That said, what I've picked up from American pop-culture is that people did indeed meet around each other's houses - or at some local landmark hangout - but by appointment rather than spontaneously - look at something like Grease - everyone went to the Drive-In; the Pink Ladies gathered at one of their houses; a whole bunch turned up at Thunder Road for the racing; and there were assorted School events. The other major hangout was the Diner, where people more just turned up and saw who else was around...

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Re: 1348: "Before the Internet"

Postby gmalivuk » Sat Mar 29, 2014 1:34 am UTC

PinkShinyRose wrote:
gmalivuk wrote:Books, if they're well-made, are more durable than digital media. And that's super important if you're focused on preserving information long-term. But for pretty much every single other thing people do with their stored data? Not so much.

I thought they stopped large scale use of parchment, vellum and silk quite a few centuries ago...
Which is why modern books only tend to last a couple hundred years instead of a couple thousand.

Keep in mind I'm not talking about a pulp paperback in a box in your damp basement, but rather a well-made hardcover kept in a cool dry place with the intent of having it last a long time. If you want to talk about stuff stored in more typical condition, leave some digital media in that same mildewy basement-box fo a few years and then we'll talk.
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Re: 1348: "Before the Internet"

Postby valar84 » Sat Mar 29, 2014 5:20 am UTC

PinkShinyRose wrote:
valar84 wrote:It's more than just phobia, it's car-dependent suburban sprawl. In a lot of recent residential development in North America, kids can't go anywhere because the entire urban landscape is built supposing car use. So if you don't have a car, there is nothing within reasonable distance of you. Even school is too far away. The result is that kids are taken at a specific time to school in the morning, then taken back to their home right after school is over. They can't hang around with friends after class or have activities unless their parents are willing to taxi them around all the time. The typical suburban home for kids is the best definition of a golden cage: sure it's comfortable and large, but you can't really go anywhere worth going by yourself. Parents need to micromanage their kids' social lives for them to have any outside school.

I find this interesting: Are schools in the US huge factory halls? Is there only one school every couple of towns? I can easily imagine these situations in rural areas, but living with 4 primary schools within three blocks from here it's difficult to imagine from my perspective (combined with the ubiquity of bicycles in the Netherlands allowing children to travel relatively far at a relatively early age). How does this work with supermarkets? Neighbourhood shops? Is this why the legal driving age is so low in the US and why kids expect to get a car for their 16th birthday, is it because they have absolutely no social life without a car?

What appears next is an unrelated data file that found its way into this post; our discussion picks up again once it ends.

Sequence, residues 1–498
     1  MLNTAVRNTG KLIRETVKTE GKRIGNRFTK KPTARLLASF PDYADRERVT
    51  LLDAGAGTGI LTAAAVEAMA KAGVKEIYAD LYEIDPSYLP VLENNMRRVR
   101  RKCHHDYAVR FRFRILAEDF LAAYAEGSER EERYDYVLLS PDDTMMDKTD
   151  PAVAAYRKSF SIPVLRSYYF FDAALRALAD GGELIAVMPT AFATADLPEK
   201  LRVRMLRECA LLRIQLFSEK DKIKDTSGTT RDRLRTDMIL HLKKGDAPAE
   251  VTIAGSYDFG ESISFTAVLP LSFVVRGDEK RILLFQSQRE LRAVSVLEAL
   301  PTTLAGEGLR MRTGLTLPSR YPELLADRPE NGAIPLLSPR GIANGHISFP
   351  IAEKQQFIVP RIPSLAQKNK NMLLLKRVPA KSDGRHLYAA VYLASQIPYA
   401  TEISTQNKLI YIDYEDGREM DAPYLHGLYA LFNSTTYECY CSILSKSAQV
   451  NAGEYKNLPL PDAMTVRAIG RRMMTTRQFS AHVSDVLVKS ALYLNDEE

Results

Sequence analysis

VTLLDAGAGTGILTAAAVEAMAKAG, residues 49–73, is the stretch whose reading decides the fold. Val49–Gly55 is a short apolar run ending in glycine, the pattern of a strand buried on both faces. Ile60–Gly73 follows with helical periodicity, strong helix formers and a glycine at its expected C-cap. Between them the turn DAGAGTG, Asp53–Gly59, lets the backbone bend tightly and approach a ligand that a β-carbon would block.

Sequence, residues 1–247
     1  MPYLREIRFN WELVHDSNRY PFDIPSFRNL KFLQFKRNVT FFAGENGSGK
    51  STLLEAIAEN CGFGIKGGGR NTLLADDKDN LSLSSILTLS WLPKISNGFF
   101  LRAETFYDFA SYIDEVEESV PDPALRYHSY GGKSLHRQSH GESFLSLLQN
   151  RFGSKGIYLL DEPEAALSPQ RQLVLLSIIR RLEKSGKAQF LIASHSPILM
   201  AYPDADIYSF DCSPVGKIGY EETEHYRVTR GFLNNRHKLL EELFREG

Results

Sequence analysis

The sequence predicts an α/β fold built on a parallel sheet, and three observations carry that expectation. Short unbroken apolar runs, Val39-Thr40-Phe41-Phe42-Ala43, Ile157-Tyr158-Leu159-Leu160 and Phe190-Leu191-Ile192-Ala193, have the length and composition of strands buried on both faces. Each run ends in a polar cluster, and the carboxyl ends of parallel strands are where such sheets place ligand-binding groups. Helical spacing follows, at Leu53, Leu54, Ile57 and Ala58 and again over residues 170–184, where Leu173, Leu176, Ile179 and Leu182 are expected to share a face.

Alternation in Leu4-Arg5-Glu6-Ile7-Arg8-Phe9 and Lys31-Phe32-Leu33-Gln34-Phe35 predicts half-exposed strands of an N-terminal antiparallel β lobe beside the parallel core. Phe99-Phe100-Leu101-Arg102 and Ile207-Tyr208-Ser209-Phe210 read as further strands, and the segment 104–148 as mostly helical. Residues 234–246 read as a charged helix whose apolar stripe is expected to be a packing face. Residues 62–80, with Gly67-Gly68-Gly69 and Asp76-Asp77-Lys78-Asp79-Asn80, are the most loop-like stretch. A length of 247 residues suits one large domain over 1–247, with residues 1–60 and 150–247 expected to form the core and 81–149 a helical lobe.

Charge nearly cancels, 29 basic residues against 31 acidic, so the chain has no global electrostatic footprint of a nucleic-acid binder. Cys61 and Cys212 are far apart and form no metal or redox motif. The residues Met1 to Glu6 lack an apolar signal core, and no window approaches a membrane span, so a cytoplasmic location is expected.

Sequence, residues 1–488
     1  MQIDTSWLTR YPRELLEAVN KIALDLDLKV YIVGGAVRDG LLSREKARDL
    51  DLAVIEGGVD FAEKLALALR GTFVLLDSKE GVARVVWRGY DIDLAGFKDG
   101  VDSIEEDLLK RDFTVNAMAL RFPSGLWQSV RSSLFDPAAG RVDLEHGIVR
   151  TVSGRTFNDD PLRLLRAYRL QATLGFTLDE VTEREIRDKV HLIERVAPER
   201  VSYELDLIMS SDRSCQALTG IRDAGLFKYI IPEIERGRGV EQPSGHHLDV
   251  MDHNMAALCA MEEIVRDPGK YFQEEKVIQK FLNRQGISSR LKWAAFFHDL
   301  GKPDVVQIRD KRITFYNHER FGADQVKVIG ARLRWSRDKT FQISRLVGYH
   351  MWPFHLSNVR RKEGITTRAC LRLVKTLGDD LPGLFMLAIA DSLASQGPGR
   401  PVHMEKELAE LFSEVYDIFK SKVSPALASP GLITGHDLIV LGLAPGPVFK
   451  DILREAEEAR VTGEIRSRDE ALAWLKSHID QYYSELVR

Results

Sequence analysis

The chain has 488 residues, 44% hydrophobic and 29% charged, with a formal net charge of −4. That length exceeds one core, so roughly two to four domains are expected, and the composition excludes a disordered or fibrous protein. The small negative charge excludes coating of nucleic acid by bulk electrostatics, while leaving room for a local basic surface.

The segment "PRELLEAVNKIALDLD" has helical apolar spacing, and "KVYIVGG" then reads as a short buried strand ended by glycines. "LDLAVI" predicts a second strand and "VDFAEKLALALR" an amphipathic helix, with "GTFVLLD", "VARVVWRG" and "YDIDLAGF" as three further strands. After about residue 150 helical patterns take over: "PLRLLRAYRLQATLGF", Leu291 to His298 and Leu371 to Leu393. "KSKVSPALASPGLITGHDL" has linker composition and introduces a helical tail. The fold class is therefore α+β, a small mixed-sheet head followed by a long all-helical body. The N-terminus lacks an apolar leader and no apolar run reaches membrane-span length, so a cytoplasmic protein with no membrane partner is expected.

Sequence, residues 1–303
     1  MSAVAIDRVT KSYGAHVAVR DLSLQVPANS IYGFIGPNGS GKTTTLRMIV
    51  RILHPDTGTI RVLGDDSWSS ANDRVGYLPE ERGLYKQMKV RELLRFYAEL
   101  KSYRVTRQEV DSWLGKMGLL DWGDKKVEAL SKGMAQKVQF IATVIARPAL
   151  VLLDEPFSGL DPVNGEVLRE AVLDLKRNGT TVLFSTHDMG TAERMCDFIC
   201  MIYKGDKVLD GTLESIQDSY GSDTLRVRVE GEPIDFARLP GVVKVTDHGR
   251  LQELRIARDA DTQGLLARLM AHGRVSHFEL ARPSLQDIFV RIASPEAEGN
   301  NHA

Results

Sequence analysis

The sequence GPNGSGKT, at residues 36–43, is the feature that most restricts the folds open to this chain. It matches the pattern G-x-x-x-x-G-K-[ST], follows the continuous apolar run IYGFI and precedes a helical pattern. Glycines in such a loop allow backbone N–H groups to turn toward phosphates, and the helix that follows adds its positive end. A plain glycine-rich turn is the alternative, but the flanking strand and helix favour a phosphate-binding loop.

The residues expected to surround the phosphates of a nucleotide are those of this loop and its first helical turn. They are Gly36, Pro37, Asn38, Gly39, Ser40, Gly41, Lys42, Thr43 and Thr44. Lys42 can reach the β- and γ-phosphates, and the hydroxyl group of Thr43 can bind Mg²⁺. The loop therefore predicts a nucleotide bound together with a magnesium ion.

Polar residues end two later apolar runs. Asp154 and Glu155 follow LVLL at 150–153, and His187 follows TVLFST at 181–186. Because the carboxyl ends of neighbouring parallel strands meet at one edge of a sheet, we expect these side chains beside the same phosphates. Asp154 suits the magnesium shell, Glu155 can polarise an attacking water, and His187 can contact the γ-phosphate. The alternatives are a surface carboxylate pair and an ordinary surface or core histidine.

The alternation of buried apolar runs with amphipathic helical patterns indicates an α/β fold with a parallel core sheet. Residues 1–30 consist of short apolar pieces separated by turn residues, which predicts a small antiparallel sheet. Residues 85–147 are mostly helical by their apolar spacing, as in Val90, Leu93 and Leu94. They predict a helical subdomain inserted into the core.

I live in Canada, we don't have it as bad as the US but we have some similarities. It depends on the suburbs, some have primary schools set inside neighborhoods withing walking distance, but others don't. For example, in many suburbs, when they want to build a primary school, you'll get "Not In My BackYard" (NIMBY) people coming out of the woodwork and protesting against any kind of zoning change (you can't build schools in residential zones, you have to change the zoning). The result is that many schools end up being built on the periphery of neighborhoods because that's the only place that won't get NIMBY opposition, which then means the school isn't within walking distance of many people, and thus leading to the ubiquitous school buses to bus children around. Much of the US has no safe place to bike, and even, in a twist that you, as a Dutch, might find unconceivable, many schools in the US FORBID kids from coming to school on bikes, as it is considered "unsafe".

In some places, parents have been threatened with arrest for letting their kids bike to school.

I wanted to post links and show images of what I was talking about, but I can't. My message gets flagged as spam. I can just suggest going onto Google Maps and zoom on a random American suburb, then search for "elementary school". You will see that in many cases, they are built really apart from residential areas. These residential areas are often built as "subdivisions" which are exclusively residential and have weird street patterns with a lot of dead ends, with only a few accesses to arterial roads to connect to the rest of the "city".

Americans frequently have few or no neighborhood stores within walking distance, everything is reached by driving. They will often buy groceries rarely, but go to big box stores like Wal-Marts built on major roads well away from residential areas and buy in very large quantities. For smaller purchases, most of these will be done at gas stations which have small convenience stores integrated with them and which are located in general on all arterial streets so that they're on the way back from work. There are still more walking-friendly places, mostly old urban neighborhoods, but building these have become illegal through zoning in many cities.